Mustachioed, serious-countenanced, bald with a remaining crown of hair, with an imposing round figure, André Alerme became for two decades the quintessential dignitary of French cinema. Indeed, between 1930 and 1950, the popular character actor divided his performances between the Army, the Church and the Nobility. In the seventy-odd films he was in, he was in turns, captain (once in the army, the other time in the navy), the commander of a dragoon company, a colonel ; a baron (twice), a viscount, a count, a marquis, the King’s tax collector and even, in the forgettable Aloha, le chant des îles (1937) , a Scottish lord (not his best role!) ; a priest, and even Saint Peter! He could also easily portray officials or people with an influential role in society : a doctor (twice), a politician, managers of various kinds, industrialists (he was already one in his first and only silent Amour et carburateur (1925), mayors, a financier, a couturier… His roundness could have suggested gentleness, but it is rather Monsieur Prudhomme, Henry Monnier’s famous caricature character, that producers saw in him, the prototype of the plump, conformist, sententious, selfish bourgeois. For most of the characters played by Alerme are either unpleasant or ridiculous or both. The role epitomizing this type of character was the unforgettable pompous but cowardly mayor of a Flemish city in Jacques Feyder’s classic Carnival in Flanders (1935). Alerme, although nearly always very good, has never been better than in this unparalleled masterpiece.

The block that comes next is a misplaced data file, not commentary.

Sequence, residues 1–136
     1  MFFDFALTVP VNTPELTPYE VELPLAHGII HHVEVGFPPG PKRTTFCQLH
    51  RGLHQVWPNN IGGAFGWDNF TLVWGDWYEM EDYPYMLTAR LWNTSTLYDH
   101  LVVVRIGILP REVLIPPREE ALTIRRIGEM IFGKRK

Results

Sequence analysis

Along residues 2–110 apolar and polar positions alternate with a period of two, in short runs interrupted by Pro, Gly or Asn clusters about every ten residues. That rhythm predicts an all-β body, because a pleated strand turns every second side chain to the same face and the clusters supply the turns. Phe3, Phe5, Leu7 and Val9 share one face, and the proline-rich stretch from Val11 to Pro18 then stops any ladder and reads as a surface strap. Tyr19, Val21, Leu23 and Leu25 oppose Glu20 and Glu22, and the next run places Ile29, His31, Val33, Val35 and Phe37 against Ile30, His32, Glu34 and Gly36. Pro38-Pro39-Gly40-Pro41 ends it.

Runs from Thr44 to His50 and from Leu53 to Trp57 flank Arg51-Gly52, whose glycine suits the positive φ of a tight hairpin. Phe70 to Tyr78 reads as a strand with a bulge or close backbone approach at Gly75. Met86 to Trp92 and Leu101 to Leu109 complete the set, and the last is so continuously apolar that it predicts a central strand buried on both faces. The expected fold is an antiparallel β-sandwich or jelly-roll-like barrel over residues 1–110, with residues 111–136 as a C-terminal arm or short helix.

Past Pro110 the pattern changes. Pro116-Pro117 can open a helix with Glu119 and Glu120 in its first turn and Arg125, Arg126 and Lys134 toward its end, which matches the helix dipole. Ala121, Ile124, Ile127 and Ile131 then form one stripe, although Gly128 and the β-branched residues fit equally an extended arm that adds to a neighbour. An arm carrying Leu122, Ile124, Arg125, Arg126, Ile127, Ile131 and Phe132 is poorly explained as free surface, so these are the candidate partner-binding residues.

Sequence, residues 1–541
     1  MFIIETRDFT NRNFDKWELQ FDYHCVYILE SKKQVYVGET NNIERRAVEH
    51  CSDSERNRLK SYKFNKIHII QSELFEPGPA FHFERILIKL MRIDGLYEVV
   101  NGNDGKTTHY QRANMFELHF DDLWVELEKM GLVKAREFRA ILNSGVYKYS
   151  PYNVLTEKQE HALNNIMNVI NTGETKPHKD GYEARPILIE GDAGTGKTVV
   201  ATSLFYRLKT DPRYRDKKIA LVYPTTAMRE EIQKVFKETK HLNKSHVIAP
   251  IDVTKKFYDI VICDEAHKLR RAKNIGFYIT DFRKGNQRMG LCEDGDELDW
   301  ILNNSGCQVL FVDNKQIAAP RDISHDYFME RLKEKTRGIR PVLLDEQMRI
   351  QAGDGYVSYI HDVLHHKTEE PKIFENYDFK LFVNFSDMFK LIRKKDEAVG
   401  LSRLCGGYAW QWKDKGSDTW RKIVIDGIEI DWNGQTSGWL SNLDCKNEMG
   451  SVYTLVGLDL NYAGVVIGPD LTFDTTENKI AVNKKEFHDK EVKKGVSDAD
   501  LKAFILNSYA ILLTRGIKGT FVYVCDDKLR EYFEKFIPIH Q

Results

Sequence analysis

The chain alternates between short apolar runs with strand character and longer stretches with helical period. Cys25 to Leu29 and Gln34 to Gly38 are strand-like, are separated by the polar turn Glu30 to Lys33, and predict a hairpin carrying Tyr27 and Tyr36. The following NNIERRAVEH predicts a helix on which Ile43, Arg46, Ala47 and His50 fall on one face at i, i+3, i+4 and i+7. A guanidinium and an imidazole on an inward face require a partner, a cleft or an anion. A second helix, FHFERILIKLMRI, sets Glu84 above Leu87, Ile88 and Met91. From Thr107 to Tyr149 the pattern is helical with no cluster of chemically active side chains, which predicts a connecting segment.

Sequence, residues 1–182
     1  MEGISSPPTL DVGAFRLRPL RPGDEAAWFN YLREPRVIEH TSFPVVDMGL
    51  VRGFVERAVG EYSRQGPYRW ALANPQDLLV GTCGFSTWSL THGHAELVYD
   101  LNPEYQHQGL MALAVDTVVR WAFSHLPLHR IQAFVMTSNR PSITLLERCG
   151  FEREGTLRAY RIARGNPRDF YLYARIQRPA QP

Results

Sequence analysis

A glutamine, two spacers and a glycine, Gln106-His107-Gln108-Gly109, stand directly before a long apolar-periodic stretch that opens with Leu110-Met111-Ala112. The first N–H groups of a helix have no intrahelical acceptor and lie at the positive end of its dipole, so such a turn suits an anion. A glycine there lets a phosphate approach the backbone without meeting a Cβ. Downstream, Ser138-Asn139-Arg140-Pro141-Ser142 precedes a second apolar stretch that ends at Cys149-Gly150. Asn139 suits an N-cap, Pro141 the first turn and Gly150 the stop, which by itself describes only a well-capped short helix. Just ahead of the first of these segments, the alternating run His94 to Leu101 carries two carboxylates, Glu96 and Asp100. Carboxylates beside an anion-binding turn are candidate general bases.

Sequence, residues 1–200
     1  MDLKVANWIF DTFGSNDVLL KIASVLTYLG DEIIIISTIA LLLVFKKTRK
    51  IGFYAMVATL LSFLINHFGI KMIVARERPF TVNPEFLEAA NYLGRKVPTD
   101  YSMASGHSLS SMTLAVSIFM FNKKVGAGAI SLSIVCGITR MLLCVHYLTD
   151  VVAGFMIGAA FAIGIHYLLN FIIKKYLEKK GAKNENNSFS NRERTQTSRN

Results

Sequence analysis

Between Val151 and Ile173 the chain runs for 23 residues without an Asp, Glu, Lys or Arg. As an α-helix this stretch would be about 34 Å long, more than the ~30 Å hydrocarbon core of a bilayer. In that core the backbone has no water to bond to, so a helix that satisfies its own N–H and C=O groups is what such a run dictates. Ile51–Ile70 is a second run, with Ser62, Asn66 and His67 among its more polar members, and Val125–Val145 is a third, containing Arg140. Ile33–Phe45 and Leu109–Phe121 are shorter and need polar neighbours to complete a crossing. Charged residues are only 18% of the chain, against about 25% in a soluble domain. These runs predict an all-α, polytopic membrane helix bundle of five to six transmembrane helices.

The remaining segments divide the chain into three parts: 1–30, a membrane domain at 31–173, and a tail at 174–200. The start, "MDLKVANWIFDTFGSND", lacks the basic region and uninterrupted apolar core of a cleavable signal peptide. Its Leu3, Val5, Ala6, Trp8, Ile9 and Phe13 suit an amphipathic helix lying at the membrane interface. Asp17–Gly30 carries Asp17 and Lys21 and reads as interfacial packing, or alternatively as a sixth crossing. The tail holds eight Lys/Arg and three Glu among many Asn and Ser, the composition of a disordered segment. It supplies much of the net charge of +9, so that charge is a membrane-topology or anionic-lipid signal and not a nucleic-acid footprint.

André Alerme had been born in Dieppe in 1877 and started studying medicine and sculpture, but irresistibly attracted by theater, he soon appeared on the Paris theater scene. It did not take long before he met with success in plays by Henri Bernstein, Alfred Savoir, ‘Edouard Bourdet’, Jean Anouilh, Marcel Achard and many others. His passage from the boards to the studio spotlights was marked by the role of Georges Samoy he played in Sacha Guitry’s Le blanc et le noir (1931) and reprised in Robert Florey’s film version. Combining stage and cinema work in the early thirties, André Alerme tended to privilege the seventh art after 1936. Most of the films he participated in were just commercial but a few remain, signed by Jacques Feyder, Julien Duvivier, Georg Wilhelm Pabst, Abel Gance, Claude Autant-Lara, Edmond T. Gréville. A great actor, Alerme will forever remain Joseph Prudhomme, complete with pomp and wicked foolishness.